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Volume 448: debated on Monday 26 June 2006

The requirement for a continuing coalition presence in Basra will persist until clearly defined conditions are achieved. As with all 18 Iraqi provinces, it is the achievement of those conditions that will ultimately determine when Iraqi security forces can take over responsibility for security.

Is not the purpose of UK forces in Basra to maintain order and to ensure basic amenities? If so, why did a state of emergency have to be declared after a surge of killings, and why is Bill Neely, ITN’s international editor, reporting on limbs amputated for lack of basic medical supplies, children dying from preventable diseases, and no treatment for cancer patients for three years in Basra’s main hospital? Why are Ministers sleep-walking when they should be waking up to their responsibilities? If they say, “Can’t do”, should not it be a case of “Can’t stay”?

My hon. Friend’s position on the presence of British forces in Iraq is well known, as it has been over the years. The fact is that British forces in Basra have seen an improvement in a significant number of the services available to the people of Basra. There has been an increase in violence over the last few months, but that is entirely coincidental with the period between the election and the formation of the Iraqi Government. The Iraqi Government are now in place and the Prime Minister, the new Defence Minister and the new Minister of the Interior have publicly stated that security in Basra is a priority. They have developed a plan that will be led by the Iraqi security forces themselves, in the form of the Iraqi army. There are significant difficulties; the Iraqi police have been significantly infiltrated by violent groups who are part of an outside process and there is a degree of corruption, but the plan addresses those issues. To suggest that the situation for the ordinary people of Basra is no better since British forces have been there is not true—it has improved for them.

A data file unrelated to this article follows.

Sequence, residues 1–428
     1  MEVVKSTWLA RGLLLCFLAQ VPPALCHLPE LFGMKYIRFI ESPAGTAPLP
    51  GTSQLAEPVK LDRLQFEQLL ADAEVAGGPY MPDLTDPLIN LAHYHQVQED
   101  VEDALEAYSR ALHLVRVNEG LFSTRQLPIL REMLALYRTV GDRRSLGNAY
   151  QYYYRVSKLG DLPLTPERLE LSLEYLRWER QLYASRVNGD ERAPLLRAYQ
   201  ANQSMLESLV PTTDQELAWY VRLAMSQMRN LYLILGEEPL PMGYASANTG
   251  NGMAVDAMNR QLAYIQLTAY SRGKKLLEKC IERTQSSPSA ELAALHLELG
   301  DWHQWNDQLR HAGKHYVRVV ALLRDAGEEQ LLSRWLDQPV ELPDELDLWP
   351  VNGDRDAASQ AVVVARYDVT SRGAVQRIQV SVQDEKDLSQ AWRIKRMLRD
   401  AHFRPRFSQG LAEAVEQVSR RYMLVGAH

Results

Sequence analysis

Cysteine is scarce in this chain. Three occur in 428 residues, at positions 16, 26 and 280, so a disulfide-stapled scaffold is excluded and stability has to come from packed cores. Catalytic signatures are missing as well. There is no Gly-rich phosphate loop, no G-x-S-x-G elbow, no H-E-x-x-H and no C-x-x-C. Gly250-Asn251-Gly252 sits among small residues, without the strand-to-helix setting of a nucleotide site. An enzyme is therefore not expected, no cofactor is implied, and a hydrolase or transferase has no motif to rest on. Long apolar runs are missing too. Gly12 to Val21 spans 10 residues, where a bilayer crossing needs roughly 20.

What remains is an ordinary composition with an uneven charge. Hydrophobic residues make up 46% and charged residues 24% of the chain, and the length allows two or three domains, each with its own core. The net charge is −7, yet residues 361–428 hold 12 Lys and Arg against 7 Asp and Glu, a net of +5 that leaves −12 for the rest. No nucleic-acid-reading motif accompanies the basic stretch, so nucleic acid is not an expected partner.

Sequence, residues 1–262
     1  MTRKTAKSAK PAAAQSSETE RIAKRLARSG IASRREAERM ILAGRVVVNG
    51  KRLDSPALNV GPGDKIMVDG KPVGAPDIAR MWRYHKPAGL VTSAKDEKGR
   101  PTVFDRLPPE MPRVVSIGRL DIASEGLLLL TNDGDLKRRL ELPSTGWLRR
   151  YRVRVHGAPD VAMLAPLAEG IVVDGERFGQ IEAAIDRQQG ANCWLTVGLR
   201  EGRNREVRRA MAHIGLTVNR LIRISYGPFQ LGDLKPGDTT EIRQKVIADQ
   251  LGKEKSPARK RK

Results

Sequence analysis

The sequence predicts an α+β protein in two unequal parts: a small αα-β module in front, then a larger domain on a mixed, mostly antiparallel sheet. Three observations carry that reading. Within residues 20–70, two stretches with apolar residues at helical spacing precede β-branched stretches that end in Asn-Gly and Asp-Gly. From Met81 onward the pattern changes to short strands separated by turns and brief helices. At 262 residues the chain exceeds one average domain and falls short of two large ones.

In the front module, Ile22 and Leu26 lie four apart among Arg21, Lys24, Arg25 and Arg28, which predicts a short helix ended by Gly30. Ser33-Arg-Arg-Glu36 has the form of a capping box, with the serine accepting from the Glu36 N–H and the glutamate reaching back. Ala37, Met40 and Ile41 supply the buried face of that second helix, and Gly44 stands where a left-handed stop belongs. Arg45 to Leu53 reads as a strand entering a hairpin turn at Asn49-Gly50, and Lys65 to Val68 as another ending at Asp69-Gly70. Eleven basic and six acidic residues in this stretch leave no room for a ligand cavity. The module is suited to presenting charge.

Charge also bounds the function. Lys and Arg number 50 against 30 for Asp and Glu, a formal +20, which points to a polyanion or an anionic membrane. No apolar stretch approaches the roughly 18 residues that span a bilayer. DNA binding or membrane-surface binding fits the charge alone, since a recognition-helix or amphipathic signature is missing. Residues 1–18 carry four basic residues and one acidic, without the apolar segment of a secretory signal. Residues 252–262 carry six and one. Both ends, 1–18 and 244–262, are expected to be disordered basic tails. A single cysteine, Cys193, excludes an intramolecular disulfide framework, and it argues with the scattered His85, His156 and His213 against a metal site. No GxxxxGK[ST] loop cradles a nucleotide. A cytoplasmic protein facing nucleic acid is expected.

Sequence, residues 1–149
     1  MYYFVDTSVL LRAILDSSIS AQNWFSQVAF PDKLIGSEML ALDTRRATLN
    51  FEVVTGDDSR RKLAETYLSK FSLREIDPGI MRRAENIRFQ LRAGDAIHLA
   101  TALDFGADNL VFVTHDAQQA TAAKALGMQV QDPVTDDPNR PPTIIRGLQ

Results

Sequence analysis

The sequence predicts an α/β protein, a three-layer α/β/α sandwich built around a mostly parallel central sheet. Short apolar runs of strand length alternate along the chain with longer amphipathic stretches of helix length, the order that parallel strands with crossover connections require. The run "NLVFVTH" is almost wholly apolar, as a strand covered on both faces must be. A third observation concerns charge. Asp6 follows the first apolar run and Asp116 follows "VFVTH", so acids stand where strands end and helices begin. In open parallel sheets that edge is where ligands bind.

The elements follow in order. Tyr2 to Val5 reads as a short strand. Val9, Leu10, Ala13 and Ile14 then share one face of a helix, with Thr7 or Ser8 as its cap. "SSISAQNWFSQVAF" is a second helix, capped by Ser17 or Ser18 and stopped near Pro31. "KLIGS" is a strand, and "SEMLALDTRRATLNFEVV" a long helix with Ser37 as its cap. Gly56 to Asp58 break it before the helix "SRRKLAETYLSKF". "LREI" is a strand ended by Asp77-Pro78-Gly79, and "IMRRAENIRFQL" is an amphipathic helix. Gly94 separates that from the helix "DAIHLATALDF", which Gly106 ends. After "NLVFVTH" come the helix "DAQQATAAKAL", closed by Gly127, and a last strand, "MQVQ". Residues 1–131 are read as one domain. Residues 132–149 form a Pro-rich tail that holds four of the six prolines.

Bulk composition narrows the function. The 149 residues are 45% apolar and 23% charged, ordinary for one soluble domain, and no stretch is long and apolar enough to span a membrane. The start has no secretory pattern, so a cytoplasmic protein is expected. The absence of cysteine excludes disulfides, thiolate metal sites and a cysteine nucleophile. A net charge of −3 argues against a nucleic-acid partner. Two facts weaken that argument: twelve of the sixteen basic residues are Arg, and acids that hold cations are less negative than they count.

Whatever the time scale for our armed forces in Basra, the Secretary of State’s earlier comments on possible replacements for the Snatch Land Rover in Basra and elsewhere in Iraq are welcome, provided they lead to early action. I urge the right hon. Gentleman to consider the grievous gap in our capability for clearing mines for light forces, which in practice means most of our forces in Iraq, and indeed in Afghanistan. Both those factors are putting lives at risk unnecessarily.

I thank the hon. Gentleman for his opening comments. I have already made my position clear to the House, so it is unnecessary to repeat it. I shall take into account the hon. Gentleman’s second point, although I am not aware of a level of risk immediately generated by the absence of capability that he suggests.

When the members of the Select Committee on Defence were in Iraq recently we met members of the 10th Division and General Latif. As well as giving the Iraqis support in training, did my right hon. Friend hold discussions with the Iraqi Government about how they can be resourced in terms of equipment and other things they need to do the job that they are eager and willing to take over in neighbouring states, as well as playing their part in bringing security to Basra?

I, too, met General Latif and visited the 10th Division. At that stage, he was proudly showing off to me the equipment allocated to him. The indications were that if there had been a blockage in relation to the necessary equipment, the equipment was now forthcoming. The 10th Division was deploying forces in Basra city when I was there, giving security in the city a clear Iraqi face, which was welcome both to our troops and to the people of the city.